New York, June 21, 2007—The Committee to Protect Journalists welcomes the recent release of Vladimir Chugunov, founder and editor of the independent weekly Chugunka inthe town ofSolnechnogorsk, who had been held incommunicado since January 21 on a charge of “threatening to murder or cause serious health damage.” The criminal case is still pending, however, and CPJ today called on authorities to drop the charge immediately.
Chugunov, who spoke with CPJ on Wednesday, said he was released May 27 from the Butyrsakaya prison hospital in Moscow, where he was held on an undisclosed diagnosis. Chugunov said he was given medications that were not disclosed to him and that he had become infected with lice and scabies during his stay. He said he went on a 10-day hunger strike to protest his treatment.
“We are relieved that our colleague Vladimir Chugunov is free after months of isolation from relatives and colleagues in unacceptable conditions,” CPJ Executive Director Joel Simon said. “We call on Russian prosecutors to immediately drop the charge against him and investigate the circumstances of his detention.”
Chugunov said authorities did not explain why he was being released after more than four months of being shuttled between prison cells, hospital wards, and psychiatric wards. Nor have authorities disclosed details of the criminal charge against him. An award-winning journalist, Chugunov has written articles critical of local government and judicial officials. A series of stories, for example, examined the consequences of the local government’s takeover of a chicken farm.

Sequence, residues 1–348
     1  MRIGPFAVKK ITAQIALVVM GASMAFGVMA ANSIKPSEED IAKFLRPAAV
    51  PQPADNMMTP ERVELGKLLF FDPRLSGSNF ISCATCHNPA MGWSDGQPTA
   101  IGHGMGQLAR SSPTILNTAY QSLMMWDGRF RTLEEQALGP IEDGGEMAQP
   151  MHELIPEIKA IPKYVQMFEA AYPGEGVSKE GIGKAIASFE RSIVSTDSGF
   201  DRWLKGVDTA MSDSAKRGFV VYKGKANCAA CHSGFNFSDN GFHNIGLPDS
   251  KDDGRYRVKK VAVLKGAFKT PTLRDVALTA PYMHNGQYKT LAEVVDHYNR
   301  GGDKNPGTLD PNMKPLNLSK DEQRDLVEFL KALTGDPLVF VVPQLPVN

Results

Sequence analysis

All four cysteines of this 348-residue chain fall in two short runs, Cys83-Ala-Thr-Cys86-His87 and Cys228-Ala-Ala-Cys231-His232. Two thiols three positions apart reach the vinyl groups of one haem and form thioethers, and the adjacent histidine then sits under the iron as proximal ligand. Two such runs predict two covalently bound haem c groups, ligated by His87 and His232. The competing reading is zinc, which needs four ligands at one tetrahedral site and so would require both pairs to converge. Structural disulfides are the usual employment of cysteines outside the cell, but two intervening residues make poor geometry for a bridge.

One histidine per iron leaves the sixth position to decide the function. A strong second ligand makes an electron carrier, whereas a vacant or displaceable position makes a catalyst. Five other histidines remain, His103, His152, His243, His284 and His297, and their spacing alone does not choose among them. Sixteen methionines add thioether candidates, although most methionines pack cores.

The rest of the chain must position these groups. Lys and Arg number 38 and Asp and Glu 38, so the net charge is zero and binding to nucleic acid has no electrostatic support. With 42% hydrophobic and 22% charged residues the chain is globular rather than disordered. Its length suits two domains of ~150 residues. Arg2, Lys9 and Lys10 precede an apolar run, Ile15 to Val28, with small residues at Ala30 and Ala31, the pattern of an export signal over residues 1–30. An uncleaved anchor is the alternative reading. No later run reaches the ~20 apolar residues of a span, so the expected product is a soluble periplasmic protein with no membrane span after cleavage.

Chugunov’s family was not allowed to visit him during his detention, according to CPJ interviews with the journalist’s sister, Anna Zuyeva, and his brother, Dmitry. Chugunov said the Solnechnogorsk prosecutor’s office instructed him to sign a statement promising not to leave the area while the case is pending.
Chugunov was summoned to the police headquarters in Solnechnogorsk, 40 miles (64 kilometers) north-west of Moscow, on January 21, allegedly as a witness in a robbery case but was then jailed.
Chugunka went dormant with the editor’s detention, which prevented the paper from covering local elections in March. Chugunov said he plans to restart the paper in the fall.
Chugunov is a 2002 recipient of the Andrei Sakharov Award, administered annually by the Glasnost Defense Fund, a Russian press freedom group. The award is named for Soviet dissident Andrei Sakharov and given to those who work in defense of human rights and civil liberties.